germinatewill not check remotely to see if a given snap is available, therefore seeds are expected to explicitly list all architectures a snap is to be seeded on. ‘snap:’ entries can also be suffixed with "/classic" to indicate that the snaps need to be installed with classic confinement on end-user systems.
- key: value
- Some seeds also contain headers at the top of the file, in “key:
value” format. For the most part, these are not parsed by
germinateitself. The Ubuntu
taskselpackage uses keys beginning with ‘Task-’ to define fields of similar names in its .desc files. germinate-update-metapackage(1) uses some of these headers to reduce the need for fragile configuration; see its documentation for further details.
A STRUCTURE file alongside the seeds lists their inheritance relationships. It may also include lines beginning with ‘include’, causing other collections of seeds to be included as if they were part of the collection currently being germinated, or lines beginning with ‘feature’, which set flags for the processing of seeds. Features may also be set on a per-seed basis using lines beginning with ‘ * Feature:’ in the seed file.
The following flags are currently defined:
- Follow Build-Depends fields. This flag is only recognised in individual seed files, not in STRUCTURE.
- Follow Build-Depends fields for Architecture: all packages. This has no
- Treat Recommends fields as if they were Depends.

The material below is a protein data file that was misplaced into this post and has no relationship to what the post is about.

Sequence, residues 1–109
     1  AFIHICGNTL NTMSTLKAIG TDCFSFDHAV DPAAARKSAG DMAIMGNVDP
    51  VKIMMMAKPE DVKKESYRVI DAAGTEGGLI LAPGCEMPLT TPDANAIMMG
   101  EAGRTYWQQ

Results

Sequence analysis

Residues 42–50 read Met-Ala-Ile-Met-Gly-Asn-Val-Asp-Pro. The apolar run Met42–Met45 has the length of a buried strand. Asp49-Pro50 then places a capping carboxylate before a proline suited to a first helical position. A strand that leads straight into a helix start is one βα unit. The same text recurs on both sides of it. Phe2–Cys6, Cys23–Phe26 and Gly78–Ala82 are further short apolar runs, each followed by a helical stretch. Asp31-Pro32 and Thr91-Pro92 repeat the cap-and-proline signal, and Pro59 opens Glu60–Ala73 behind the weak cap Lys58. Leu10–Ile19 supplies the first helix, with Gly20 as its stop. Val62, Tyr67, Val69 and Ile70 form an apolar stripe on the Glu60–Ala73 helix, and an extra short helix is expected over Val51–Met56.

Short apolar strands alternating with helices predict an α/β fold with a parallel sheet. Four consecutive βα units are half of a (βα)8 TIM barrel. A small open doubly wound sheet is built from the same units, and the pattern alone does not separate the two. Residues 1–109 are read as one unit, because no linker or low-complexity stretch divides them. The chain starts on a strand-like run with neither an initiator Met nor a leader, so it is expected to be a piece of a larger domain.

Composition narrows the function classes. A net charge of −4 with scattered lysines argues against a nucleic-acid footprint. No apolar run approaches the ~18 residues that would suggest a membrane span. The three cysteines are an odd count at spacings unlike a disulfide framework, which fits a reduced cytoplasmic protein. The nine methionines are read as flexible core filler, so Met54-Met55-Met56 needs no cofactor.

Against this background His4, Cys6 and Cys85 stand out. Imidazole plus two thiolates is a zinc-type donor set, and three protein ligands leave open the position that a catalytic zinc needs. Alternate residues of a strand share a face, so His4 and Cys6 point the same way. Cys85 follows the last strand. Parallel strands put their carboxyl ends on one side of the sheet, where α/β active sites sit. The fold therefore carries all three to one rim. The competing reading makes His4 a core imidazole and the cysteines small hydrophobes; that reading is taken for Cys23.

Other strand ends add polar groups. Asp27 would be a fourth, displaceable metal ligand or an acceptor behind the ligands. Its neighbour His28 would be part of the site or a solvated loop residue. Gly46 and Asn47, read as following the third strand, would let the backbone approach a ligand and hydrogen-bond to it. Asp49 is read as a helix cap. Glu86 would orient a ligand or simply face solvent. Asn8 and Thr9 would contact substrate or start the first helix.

- Do not follow Build-Depends fields.
- Do not follow Build-Depends fields for Architecture: all packages, even though Build-Depends are followed for other packages.
- Do not treat Recommends fields as if they were Depends. This flag is only recognised in individual seed files, not in STRUCTURE.
Build-dependencies and ‘supported’¶There is typically no need for a default desktop installation to contain all the compilers and development libraries needed to build itself from source; if nothing else, it would consume much more space. Nevertheless, it is normally a requirement for the maintainers of a distribution to support all the packages necessary to build that distribution.
germinate therefore does not add all the
packages that result from following build-dependencies of seed packages and
of their dependencies (the “build-dependency tree”) to every
output, unless they are also in the seed or in the dependency list. Instead,
it adds them to the output for the last seed in the
STRUCTURE file, conventionally called
Like any other seed, the supported seed may contain its own list of packages. It is common to provide support for many software packages which are not in the default installation, such as debugging libraries, optimised kernels, alternative language support, and the like.
Outputs¶The output files are named after the seed to which they correspond. An additional output file is needed for supported, namely ‘supported+build-depends’, which contains the supported list and the build-depends lists of the other seeds all joined together. An ‘all’ output is produced to represent the entire archive.
Some other files are produced for occasional use by experts. See the README file for full details on these.
- Be more verbose when processing seeds.
- Fetch seeds from the specified sources. The default is
-vcs=bzr option is used, or git://git.launchpad.net/~ubuntu-core-dev/ubuntu-seeds/+git/ if the